Spiky bursts of plasma called spicules swirl around the surface of the sun. Millions erupt every moment, spurting solar material some 6,000 miles high at speeds of about 60 miles per second.
“These things are very violent,” said Bart De Pontieu, a research scientist with Lockheed Martin Solar and Astrophysics Lab in Palo Alto, Calif. “The gas in spicules is about 10,000 degrees and they travel the length of California in just a minute or so.”
Scientists have studied spicules for decades, but were not sure how the plasma jets formed. Now, Dr. De Pontieu and his colleagues think they have solved the searing mystery. They published their findings Thursday in the journal Science.
Using data gathered by high-powered land and space telescopes, they created a computer simulation that reconstructed the conditions between the sun’s surface and its atmosphere, where spicules form.Continue reading the main story
ADVERTISEMENTContinue reading the main story
Powerful magnetic fields are created in the interior of the sun. There, the high density keeps them tangled and tamed. But near the surface, the magnetic fields can use neutral particles, atoms that do not carry an electric charge, to diffuse into the sun’s atmosphere. The fields enter a reddish layer called the chromosphere where their violent nature is unleashed.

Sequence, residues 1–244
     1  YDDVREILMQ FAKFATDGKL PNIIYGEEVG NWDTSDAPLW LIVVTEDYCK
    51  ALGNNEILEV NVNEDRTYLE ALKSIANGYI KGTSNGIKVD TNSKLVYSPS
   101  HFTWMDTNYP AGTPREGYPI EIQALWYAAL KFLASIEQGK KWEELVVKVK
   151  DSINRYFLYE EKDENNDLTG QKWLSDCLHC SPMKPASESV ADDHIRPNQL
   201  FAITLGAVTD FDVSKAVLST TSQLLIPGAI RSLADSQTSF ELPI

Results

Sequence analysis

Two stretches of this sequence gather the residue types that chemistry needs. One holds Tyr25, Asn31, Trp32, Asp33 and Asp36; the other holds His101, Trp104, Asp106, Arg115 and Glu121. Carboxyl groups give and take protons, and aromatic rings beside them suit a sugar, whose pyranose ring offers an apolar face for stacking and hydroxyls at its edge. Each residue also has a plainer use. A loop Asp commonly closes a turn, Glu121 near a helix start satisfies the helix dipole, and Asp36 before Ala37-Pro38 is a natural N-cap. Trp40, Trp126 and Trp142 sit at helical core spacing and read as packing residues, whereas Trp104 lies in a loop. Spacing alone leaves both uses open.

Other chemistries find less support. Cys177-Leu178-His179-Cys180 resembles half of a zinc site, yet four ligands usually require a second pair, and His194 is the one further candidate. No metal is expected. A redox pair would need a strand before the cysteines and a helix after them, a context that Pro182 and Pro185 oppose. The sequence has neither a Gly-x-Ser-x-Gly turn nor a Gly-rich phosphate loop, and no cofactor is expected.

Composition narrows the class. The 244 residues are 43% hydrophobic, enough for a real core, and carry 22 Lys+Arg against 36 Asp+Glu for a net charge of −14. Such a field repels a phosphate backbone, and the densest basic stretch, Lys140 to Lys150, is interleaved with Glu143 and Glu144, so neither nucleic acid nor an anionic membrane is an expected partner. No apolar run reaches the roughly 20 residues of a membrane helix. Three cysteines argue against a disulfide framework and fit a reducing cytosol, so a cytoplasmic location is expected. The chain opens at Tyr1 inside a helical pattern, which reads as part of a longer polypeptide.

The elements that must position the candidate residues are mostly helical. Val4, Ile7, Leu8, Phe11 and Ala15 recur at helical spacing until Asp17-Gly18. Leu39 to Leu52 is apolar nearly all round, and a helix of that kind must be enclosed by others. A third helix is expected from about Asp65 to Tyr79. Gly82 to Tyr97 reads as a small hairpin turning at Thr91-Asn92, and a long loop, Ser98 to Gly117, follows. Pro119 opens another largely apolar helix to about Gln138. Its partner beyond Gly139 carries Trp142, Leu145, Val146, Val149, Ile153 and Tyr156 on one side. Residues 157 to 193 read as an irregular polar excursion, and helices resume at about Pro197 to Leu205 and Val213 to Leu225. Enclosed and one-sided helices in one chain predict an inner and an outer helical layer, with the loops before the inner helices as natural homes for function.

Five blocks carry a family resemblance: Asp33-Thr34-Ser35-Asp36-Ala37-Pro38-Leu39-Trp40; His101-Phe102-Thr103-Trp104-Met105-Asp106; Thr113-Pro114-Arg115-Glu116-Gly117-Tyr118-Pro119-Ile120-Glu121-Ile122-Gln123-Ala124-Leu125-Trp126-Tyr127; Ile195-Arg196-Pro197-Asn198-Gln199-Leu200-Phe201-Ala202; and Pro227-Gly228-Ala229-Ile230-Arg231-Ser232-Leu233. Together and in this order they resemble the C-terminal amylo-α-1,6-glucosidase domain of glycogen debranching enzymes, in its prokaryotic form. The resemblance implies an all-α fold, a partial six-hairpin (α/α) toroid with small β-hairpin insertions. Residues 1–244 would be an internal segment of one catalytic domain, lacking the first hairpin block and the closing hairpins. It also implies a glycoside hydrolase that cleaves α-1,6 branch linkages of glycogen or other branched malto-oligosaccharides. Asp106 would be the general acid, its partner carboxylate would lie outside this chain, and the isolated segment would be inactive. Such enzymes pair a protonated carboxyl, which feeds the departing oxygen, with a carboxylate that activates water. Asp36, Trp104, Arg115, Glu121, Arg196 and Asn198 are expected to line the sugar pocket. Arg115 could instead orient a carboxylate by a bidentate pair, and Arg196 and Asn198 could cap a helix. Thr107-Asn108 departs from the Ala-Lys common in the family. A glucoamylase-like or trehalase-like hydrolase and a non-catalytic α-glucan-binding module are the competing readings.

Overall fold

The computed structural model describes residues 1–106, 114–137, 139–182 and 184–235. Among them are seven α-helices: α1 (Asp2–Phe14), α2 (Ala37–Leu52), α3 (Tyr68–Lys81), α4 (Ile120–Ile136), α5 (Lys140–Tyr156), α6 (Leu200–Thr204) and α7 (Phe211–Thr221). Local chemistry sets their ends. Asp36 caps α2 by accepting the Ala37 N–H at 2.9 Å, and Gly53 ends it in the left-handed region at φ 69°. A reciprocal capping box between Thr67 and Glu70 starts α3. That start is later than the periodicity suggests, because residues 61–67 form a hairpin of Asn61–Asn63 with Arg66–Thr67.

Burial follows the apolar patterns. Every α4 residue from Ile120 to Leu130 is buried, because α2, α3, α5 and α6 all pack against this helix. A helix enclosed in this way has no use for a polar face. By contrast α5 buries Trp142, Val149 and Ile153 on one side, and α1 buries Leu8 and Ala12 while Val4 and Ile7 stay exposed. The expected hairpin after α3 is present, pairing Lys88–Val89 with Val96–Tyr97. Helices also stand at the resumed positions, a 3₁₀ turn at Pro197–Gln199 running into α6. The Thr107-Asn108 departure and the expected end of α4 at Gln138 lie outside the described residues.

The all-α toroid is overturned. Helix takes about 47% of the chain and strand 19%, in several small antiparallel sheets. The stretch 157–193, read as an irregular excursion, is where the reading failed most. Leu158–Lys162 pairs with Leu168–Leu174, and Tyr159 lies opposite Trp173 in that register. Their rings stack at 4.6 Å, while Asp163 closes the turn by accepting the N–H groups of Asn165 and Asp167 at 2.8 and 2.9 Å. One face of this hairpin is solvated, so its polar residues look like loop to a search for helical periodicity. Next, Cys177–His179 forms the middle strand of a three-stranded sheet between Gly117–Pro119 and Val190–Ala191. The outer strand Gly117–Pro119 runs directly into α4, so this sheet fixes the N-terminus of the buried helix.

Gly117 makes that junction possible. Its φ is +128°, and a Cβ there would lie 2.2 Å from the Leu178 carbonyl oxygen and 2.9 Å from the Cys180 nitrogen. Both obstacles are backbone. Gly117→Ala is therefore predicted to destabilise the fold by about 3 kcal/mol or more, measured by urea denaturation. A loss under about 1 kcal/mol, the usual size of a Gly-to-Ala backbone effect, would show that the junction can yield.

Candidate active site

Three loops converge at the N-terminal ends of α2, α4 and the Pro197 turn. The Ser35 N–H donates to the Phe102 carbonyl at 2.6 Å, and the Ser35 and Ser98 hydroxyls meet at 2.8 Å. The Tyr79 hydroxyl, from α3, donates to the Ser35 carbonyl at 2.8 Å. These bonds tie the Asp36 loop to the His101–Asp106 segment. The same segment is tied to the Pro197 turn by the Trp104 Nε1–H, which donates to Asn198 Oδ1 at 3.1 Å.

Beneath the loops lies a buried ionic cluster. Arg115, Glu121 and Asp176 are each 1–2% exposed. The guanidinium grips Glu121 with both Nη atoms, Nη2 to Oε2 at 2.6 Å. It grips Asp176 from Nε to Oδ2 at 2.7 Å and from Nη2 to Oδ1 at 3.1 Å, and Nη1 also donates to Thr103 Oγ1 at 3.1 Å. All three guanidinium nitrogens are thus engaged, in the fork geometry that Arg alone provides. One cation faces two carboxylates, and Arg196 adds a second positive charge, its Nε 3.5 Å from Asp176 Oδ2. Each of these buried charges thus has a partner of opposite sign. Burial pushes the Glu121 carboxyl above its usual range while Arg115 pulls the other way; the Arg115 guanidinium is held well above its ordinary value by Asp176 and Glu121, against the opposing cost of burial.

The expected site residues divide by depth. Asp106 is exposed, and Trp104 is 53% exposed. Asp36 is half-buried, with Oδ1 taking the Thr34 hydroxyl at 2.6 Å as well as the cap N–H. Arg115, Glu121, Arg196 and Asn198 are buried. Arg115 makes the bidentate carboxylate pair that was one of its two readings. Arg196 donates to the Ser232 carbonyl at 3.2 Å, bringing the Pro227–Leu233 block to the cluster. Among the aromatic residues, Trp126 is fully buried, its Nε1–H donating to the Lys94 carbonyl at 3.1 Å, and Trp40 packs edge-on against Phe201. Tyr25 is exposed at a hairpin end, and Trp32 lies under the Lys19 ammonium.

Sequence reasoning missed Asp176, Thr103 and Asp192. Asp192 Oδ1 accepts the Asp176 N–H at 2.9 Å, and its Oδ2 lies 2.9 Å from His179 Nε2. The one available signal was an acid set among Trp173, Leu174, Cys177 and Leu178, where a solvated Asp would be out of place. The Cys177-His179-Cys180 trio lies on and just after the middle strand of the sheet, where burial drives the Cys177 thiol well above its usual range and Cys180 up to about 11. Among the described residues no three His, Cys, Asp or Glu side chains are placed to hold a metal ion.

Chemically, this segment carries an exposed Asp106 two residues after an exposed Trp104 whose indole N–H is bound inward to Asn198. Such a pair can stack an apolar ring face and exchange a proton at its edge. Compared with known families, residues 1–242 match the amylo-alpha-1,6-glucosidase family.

“It’s a sling shot effect,” said Mats Carlsson, a professor of astrophysics at the University of Oslo in Norway, and co-author of the paper.
The density in the chromosphere is significantly lower than in the sun’s interior, so the magnetic fields are no longer suppressed and are able to straighten out. As they unwind and release their tension, they fling hot plasma at incredible speeds, creating the spicules. The spicules surge thousands of miles high, passing through the chromosphere and into the sun’s corona before collapsing.
To create a computer simulation that accurately reflected what was happening on the sun, Dr. Carlsson said they needed to incorporate the effects of neutral particles. In earlier simulations they did not differentiate neutral particles from charged particles in the sun. Those models made it seem as if the edge between the sun’s atmosphere and surface was fully electrically charged.
“We had an absence of spicules,” said Dr. Carlsson. “In our previous model we had one instead of the millions you have in the sun.”
But when they plugged distinct neutral particles into their simulation, they produced a model that had the same features seen on the sun.
Juan Martínez-Sykora, an astrophysicist with Lockheed Martin as well as the Bay Area Environmental Research Institute and lead author of the study, said the team’s next steps were to see if the spicules played a part in fueling the sun’s corona and solar winds. If so, their simulation may help answer the million-degree mystery of what makes the corona so hot.